Open climate is the meeting of the movements for climate justice and the knowledge commons.
The co-editors of this issue of Branch Magazine met on a caravan. Inspired by the routes and exchanges of the old trading caravans, we have been traveling at our own time and pace, sometimes alongside each other, sometimes meeting again to rest and reorient. We’ve thought of these moments as our caravanserai.
These spaces have been essential for our own personal and professional journeys—to take time to pause and reflect critically, explore nascent ideas and well-thought out ones, to immerse deeply into new contexts and to meet fellow travelers.
During the pandemic, our caravan moved online. Throughout lockdowns, personal loss, isolated winters and hot summers, we gathered around the glow of our Zoom room and warmed our souls with stories from the road and our hopes and fears of the journey ahead.
Babitha George, director of the design research studio Quicksand, dialed in from Bangalore and told stories of craft technology and community-centered design. She created Decentralizing Digital, a beautiful design research project done in collaboration with community partners, small-scale farmers in India and local artists.
Shannon Dosemagen, director of the Open Environmental Data Project, called in from New Orleans and shared her interest in socially situated data. Building on these ideas, she co-authored the article Open Climate Now inviting the open movement to take climate action.
Michelle Thorne, senior adviser to the Green Web Foundation and editor of Branch, was often facemuted on the calls from her home in Berlin, sometimes pushing a stroller or watching her kid play on a snowy, deserted playground. She was interested in how to build and maintain the knowledge commons in a way that isn’t extractive nor harmful in its emissions and environmental degradation.
From our conversations, we knew we wanted to hear from others who were also dreaming about sustainable and just futures. We wanted to know: how is sustainable technology tied to community governance, to the knowledge commons and digital sovereignty? What does an internet look like that takes a craft approach—honoring local knowledge, local materials, and sustainable practices. And along this caravan, where are the places that foster an ongoing dialogue about climate justice and the open movement?
From our rest stop conversations, we realized there is much to unlearn, to reimagine, to regenerate, to build and debate together. So we decided to publish a special issue of Branch magazine to celebrate these topics.
The fourth issue of Branch Magazine is dedicated to the theme Open Climate.
While we are faced with urgent crises, we wanted to acknowledge that solutions may be slow. We wanted to divest from the narratives of disruption and solutionism and make space for embracing slowness and hope. We sought a future that is anchored in a respect for different kinds of knowledge. The stakes are high, and we need stories and narratives that bring us together and include us all. This is the power of openness.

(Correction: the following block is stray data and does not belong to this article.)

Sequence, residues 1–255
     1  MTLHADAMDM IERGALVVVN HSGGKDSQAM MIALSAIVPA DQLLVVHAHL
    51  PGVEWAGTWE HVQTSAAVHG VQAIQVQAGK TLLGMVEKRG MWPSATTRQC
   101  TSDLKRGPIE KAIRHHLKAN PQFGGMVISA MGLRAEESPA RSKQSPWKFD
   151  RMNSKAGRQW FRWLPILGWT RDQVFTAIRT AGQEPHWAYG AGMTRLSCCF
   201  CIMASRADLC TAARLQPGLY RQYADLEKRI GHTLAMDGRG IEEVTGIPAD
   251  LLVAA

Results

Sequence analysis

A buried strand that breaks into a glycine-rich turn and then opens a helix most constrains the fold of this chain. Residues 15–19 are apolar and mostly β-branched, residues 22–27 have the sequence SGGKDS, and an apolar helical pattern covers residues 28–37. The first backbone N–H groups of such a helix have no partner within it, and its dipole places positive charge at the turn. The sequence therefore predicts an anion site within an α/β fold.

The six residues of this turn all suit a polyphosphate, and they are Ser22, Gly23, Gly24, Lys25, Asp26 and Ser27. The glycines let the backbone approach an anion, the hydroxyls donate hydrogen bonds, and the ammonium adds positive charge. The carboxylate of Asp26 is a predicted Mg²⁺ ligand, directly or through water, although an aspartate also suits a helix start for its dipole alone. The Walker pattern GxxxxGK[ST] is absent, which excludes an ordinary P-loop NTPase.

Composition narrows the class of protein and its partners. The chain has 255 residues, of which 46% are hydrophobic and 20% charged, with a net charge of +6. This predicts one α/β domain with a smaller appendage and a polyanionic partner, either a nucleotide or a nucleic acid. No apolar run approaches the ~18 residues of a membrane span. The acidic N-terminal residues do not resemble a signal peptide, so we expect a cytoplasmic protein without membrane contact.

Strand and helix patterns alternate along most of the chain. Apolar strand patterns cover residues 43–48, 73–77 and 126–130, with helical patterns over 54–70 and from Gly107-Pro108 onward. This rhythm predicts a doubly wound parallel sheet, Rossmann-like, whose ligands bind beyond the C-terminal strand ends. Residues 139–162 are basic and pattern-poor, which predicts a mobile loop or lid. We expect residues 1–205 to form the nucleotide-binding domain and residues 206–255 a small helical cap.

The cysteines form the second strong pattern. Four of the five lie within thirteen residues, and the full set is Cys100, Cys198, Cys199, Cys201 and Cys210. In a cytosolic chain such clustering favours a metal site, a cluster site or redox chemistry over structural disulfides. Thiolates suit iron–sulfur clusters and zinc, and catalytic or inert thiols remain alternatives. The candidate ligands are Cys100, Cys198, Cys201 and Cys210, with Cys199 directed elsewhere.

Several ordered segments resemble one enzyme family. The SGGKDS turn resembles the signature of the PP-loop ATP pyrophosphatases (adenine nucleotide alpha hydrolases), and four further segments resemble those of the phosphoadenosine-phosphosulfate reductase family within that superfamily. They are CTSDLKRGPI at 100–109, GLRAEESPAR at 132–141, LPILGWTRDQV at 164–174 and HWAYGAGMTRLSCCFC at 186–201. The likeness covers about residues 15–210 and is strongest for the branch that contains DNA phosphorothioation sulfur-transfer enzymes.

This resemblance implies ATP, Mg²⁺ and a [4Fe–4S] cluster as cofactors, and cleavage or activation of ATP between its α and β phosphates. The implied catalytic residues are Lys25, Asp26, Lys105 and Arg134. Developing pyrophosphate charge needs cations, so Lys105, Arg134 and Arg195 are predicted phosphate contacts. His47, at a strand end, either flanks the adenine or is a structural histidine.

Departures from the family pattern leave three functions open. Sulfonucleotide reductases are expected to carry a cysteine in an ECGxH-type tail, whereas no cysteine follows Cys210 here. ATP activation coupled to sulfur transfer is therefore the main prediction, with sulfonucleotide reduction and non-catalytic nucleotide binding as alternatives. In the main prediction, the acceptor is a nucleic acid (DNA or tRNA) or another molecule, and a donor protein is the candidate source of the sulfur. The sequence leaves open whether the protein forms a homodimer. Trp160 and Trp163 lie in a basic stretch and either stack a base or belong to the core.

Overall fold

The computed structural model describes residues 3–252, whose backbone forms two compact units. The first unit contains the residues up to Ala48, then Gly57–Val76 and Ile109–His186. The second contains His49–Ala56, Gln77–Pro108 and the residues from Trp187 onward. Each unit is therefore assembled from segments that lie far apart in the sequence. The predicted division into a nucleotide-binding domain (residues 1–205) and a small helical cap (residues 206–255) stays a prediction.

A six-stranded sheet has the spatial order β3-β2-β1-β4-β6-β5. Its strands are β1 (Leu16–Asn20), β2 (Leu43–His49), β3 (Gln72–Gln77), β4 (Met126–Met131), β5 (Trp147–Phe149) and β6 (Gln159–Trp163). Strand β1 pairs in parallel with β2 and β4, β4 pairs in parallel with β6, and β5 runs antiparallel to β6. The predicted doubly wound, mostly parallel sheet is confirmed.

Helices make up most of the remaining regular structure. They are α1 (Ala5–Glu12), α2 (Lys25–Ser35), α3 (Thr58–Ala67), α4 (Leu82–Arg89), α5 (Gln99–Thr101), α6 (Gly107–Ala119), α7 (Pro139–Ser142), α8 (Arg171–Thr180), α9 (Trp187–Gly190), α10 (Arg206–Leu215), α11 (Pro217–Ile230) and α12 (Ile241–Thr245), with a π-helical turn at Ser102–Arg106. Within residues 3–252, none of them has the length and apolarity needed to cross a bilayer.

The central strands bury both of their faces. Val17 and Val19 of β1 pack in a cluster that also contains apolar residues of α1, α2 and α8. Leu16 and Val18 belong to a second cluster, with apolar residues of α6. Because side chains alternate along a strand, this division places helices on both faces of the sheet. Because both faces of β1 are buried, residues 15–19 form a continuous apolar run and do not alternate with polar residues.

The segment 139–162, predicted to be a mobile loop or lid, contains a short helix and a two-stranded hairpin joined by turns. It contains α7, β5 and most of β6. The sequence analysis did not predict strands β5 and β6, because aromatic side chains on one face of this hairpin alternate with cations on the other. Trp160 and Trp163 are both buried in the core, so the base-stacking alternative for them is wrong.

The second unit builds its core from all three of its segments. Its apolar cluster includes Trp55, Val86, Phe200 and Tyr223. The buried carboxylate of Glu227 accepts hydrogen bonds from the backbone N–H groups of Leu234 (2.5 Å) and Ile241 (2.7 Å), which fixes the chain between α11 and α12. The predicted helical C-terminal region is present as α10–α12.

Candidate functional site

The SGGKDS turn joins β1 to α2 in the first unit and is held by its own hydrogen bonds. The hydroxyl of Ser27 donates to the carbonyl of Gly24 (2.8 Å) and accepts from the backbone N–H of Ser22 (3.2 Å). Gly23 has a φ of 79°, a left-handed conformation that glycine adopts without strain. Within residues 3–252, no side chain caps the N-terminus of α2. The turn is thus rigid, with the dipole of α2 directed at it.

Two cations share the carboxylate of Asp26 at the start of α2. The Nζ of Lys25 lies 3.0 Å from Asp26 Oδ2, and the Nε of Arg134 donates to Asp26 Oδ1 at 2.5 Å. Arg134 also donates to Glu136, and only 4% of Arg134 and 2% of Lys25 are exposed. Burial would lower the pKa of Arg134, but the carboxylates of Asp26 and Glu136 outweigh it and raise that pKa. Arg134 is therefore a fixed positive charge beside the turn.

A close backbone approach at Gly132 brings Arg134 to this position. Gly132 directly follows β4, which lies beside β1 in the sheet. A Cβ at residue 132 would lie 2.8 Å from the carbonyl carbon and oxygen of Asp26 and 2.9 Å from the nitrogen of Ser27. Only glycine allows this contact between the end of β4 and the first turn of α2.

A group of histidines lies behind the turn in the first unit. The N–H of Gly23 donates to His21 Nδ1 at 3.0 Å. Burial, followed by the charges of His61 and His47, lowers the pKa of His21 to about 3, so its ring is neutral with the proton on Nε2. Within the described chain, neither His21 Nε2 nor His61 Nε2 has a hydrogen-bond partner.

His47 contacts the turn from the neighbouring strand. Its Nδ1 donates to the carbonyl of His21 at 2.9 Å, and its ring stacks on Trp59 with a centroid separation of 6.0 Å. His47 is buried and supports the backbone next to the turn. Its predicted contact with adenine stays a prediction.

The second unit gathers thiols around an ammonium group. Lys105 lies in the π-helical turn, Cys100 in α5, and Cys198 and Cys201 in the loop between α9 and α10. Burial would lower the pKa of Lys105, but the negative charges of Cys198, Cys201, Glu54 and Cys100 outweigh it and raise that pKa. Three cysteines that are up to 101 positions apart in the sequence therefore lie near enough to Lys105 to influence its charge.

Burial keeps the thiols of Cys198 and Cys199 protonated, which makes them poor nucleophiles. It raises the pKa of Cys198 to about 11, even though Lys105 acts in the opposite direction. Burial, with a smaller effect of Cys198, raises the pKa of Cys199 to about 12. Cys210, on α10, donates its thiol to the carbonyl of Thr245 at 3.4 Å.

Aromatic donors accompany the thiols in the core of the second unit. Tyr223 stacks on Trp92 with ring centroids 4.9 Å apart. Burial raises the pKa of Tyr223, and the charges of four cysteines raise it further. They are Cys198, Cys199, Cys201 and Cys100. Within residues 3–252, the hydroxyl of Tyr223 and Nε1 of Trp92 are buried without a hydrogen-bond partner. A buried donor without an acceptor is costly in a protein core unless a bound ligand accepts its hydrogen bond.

As we opened a call for proposals for this issue, we invited fellow dreamers and doers to respond to a social imagination that inspires climate action and to share what actions they are taking towards a more just and sustainable internet.
We wanted to turn away from the daily inundation of hot takes that often privilege doom and despair. We wanted to prioritize initiatives that are community-centered, place-based and contribute to the commons, as we felt strongly that this was imperative for a more just future. We wanted to consider together how we could harness the tools of the open movement and apply them to climate justice and more rapid climate action, while also stewarding the knowledge commons and accounting for its environmental impact.
Proposals arrived in a broad array of formats—video, audio, writing, visual art, physical objects and code—even sensory experiences of climate change. We hosted an online ideas jam with all the contributors and invited them to make a new work for this issue or, in the spirit of free culture, to remix and repurpose existing pieces. We are very grateful to all the contributors for their kindness and passion in this process.
In this issue you will find explorations of hi-craft rather than hi-tech. You will read about the hope of seed libraries and repair shops. You will learn about the leading open projects on measuring the internet’s carbon emissions and mitigating environmental damage from manufacturing hardware. You will be invited to walk along the rivers of India and to consider a handmade computer. You will be delighted in the alternative computing environments that have always been here: in rural places, among sovereign communities and with people prioritizing sustainability over reckless speed.
Open Climate is a living, breathing practice. You will find some of its shapes and practitioners here. We hope it sparks connections for your work and that we might join each other on a caravan towards more just and sustainable futures.